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BMA delivers scathing response to updated SOP for general practice

By 21/05/2021No Comments

The updated SOP was published on 20 May – a week after NHS England triggered widespread fury among GPs with a letter setting out demands for all patients to be offered face-to-face appointments.

Calls for practices to ‘respect preferences for face-to-face care’ are reiterated in the updated SOP – despite calls from GP leaders for NHS England to apologise and back down.

Dr Farah Jameel, a member of the GPC executive team, said the updated advice showed a ‘critical lack of understanding’ of GP premises, was unclear how practices could deliver a major rise in face-to-face appointments safely – and completely ignored the intense pressure practices are working under.

Face-to-face appointments

She said: ‘Despite NHS England’s claims otherwise, this SOP fails to clarify how GPs are meant to offer face-to-face appointments to those patients who need them, while at the same time maintaining infection control and social distancing measures.

‘In writing such an SOP, NHS England displays a critical lack of understanding of what the average GP surgery estate physically looks and feels like and how many patients it can safely accommodate at any given time.’

Dr Jameel added: ‘The impact that the inevitable increased demand – when practices are already working at their limits – will have on patient care has also been completely ignored.

‘While GPs are best placed to work with patients in providing more face-to-face care, they need to do it safely, and if NHS England is keen for doctors to follow this guidance then it needs to tell them how to keep staff and patients safe.

GP workload

‘It’s yet another example of how little understanding NHS England has of the day-to-day pressures GPs are under and of the stresses they face trying to do the best they can for their patients.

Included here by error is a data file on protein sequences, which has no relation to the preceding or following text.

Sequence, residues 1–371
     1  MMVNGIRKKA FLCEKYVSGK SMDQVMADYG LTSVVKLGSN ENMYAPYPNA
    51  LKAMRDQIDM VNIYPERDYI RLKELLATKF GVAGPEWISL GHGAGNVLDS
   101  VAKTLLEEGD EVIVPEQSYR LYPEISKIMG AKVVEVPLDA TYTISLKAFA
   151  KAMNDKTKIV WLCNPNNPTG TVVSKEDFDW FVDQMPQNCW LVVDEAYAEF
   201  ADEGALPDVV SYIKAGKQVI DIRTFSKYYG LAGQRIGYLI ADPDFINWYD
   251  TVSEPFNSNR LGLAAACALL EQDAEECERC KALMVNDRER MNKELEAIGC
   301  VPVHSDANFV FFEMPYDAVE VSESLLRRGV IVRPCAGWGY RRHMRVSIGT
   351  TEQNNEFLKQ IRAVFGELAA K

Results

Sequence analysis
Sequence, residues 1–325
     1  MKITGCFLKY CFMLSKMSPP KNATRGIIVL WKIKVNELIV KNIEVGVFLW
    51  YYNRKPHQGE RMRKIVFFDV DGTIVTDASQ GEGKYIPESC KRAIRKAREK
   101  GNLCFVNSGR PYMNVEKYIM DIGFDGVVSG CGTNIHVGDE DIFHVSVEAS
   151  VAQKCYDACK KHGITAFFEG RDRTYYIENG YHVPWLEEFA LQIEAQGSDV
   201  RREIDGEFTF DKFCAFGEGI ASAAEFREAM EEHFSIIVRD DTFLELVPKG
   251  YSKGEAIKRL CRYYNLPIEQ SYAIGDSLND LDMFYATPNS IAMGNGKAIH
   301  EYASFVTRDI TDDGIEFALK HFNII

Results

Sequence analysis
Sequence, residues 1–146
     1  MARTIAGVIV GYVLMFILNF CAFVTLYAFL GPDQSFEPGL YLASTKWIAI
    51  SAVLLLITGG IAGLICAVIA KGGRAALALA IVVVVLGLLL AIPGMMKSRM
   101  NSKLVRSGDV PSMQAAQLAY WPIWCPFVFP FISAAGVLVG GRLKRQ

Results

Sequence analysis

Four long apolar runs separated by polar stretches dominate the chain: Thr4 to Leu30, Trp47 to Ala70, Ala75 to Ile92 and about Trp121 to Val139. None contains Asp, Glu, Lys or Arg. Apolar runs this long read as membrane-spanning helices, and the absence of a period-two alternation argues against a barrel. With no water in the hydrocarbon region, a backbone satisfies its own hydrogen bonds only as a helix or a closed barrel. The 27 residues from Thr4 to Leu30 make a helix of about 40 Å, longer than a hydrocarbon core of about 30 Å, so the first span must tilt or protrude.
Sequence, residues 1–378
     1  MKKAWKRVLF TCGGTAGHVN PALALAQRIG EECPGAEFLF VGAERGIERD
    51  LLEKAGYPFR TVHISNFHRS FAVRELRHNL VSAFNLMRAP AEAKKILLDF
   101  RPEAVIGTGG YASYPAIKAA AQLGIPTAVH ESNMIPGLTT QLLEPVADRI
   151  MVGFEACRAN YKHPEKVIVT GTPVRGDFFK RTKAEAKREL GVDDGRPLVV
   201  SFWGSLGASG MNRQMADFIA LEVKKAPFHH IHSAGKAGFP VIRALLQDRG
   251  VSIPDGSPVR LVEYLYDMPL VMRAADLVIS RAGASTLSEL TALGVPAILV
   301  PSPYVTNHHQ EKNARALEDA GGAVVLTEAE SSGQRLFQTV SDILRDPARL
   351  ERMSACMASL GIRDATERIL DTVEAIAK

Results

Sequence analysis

‘Worse still, it appears to ignore the significant work that general practice has been doing throughout the pandemic, whilst simultaneously being the major artery of the COVID-19 vaccination programme.’

The BMA’s GP committee delivered a vote of no confidence in NHS England’s leadership earlier this week and has suspended meetings with its officials over the face-to-face appointments demands.

The committee’s response to the final SOP underscores the deep divisions between GP leaders and NHS England over demands on how practices should operate.

NHS England dispute

NHS England’s primary care medical director Dr Nikki Kanani has faced calls to resign – with a petition by the GP Survival group – which has since been ‘paused’ – securing more than 1,100 signatures.

Responding on Twitter Dr Kanani promised to ‘keep doing what I do, because everything I do is for the benefit of patients and our profession’.

In a blog published alongside the updated SOP she wrote: ‘The message that primary care continues to be open is an important one, because we know that many people over the course of the pandemic have put off seeking medical attention, including for symptoms which could be cancer or other serious conditions. But this message can only be effective if it is matched by people’s experience.’

An NHS England spokesperson said this week: ‘GPs have worked hard throughout the pandemic and are now pulling out all the stops to roll out the biggest and fastest vaccination programme in NHS history – providing vital protection to millions of people. NHS guidance, which makes sure that patients can access face-to-face appointments has been widely welcomed by patient groups and local health groups will now work with practices to make sure patients get services they need.’



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